Monday Rec: What If

The best thing that the Harry Potter series gave the world, or at least my little internet corner of it, is its fandom, which is an endless font of creativity and love and magic.

I don’t have much new stuff from the past week to recommend, but this alternate universe Harry Potter story (found via Seanan McGuire’s tumblr) lays down groundworks for a world without both Harry and Neville and basically reduced me to a sobbing wreck. Excerpt:

Professor Flitwick had vanished when Dumbledore had. He spent more than a decade snatching up children like he was a Pied Piper, taking whole families to safe spaces, new lives.

Some of the Muggleborn families took their magical children and ran, to Australia and New York and Amsterdam. Flitwick gave them cards for private, honorable tutors in every place they fled to and books on magic for self-study. But others stayed.

Their school was held in the basements of sweet shops and the attics of old Hufflepuff families and bespelled rooms in the backs of public libraries. Flitwick taught Charms; Molly taught Potions, Remus taught Defense Against the Dark Arts, and Sirius taught Transfiguration. Members of the Order cycled in as visiting lecturers. They all taught Silencing Spells and how to make Polyjuice Potion, how to lie, hide, run, and how to pretend to be wizardborn.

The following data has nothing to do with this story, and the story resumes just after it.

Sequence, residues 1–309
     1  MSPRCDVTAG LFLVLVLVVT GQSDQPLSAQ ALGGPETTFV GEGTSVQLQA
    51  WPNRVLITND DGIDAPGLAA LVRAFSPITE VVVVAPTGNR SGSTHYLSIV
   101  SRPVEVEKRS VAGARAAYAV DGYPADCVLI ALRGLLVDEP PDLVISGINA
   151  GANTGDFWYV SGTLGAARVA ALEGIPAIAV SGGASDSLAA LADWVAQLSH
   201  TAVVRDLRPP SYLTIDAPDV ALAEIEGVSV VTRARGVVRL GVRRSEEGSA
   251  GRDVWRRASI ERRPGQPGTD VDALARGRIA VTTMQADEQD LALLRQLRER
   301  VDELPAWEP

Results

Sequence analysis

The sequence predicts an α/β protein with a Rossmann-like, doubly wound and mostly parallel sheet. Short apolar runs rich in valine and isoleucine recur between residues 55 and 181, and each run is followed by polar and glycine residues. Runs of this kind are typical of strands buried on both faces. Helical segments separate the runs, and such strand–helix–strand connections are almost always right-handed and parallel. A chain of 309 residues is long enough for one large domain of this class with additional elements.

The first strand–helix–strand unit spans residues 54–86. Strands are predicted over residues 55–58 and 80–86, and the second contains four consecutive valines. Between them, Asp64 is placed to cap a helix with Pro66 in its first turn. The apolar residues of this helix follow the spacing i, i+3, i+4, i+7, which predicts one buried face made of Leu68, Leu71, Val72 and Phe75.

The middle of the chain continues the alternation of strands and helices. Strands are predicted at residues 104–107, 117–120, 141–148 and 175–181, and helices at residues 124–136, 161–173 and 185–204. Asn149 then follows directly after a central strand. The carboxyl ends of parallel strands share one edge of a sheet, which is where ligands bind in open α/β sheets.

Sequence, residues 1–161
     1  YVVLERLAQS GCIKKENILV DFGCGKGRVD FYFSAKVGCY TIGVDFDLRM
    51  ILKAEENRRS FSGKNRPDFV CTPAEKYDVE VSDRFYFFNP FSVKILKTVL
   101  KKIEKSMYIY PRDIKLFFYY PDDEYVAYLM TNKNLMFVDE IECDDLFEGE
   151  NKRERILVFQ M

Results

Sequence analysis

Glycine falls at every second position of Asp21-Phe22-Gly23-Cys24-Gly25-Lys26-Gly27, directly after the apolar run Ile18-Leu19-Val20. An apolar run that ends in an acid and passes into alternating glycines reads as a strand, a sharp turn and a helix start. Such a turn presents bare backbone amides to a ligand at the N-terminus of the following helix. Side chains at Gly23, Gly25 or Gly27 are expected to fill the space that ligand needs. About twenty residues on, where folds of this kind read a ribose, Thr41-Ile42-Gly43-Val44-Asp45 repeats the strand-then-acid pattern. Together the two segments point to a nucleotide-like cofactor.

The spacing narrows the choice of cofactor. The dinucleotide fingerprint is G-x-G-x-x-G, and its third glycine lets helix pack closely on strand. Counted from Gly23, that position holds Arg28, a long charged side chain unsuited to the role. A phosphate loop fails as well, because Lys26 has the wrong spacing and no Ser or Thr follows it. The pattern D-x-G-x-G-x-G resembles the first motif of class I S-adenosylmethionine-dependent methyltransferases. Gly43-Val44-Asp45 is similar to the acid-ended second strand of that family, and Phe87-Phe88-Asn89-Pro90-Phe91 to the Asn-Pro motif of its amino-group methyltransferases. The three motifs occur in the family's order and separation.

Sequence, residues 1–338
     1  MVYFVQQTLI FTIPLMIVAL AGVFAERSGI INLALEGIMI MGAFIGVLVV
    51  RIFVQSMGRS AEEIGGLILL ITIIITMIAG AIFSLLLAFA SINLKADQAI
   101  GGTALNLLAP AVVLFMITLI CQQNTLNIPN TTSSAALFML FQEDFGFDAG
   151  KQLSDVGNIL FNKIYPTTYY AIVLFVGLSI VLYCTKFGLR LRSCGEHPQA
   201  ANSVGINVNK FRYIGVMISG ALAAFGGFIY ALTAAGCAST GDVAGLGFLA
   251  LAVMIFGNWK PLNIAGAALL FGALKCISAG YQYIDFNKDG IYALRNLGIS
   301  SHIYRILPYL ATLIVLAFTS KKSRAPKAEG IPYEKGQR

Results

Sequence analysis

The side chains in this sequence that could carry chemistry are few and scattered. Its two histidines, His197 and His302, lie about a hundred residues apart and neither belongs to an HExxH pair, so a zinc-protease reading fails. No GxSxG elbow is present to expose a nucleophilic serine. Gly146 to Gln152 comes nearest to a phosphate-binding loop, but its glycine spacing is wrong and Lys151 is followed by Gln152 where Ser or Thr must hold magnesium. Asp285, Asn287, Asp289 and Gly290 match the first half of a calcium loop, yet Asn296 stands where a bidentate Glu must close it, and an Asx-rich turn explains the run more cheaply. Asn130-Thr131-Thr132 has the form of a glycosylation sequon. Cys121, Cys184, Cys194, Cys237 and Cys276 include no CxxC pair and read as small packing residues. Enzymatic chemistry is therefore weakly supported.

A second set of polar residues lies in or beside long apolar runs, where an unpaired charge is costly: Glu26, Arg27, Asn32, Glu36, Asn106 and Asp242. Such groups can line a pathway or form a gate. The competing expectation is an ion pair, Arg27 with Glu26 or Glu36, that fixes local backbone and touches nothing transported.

When Mr. Goldstein found out that wizarding curriculum did not include an education in mathematics, he was horrified; he had been an accountant with his own firm, before Death Eaters had come for his youngest son, Anthony.

“They never learn how to balance checkbooks?” Mrs. Creevey asked, shocked.

“I’m not sure they learn to add,” said Mr. Goldstein, concerned.

“We learn how to add,” said Mrs. Cohen-Goldstein, who had graduated Gryffindor before marrying Muggle. Her husband looked relieved, but he insisted on joining the teaching staff anyway and introducing the kids to fractions.

The wizarding staff taught the parents and the siblings how to slink through Magical Britain, how to navigate Knockturn and avoid Muggle turns of phrase. The Muggle parents taught the wizards how to drive a car, dress Muggle, how to slip out between the worlds and lose Death Eaters in the bright lights of a supermarket.

The children levitated tea cups, played Exploding Snap and gin rummy, read Diana Wynne Jones and Roald Dahl alongside Beedle the Bard. Watching Muggle children run and whisper with Muggleborn wizards, at-risk halfbloods, and blood traitors, you couldn’t tell them apart.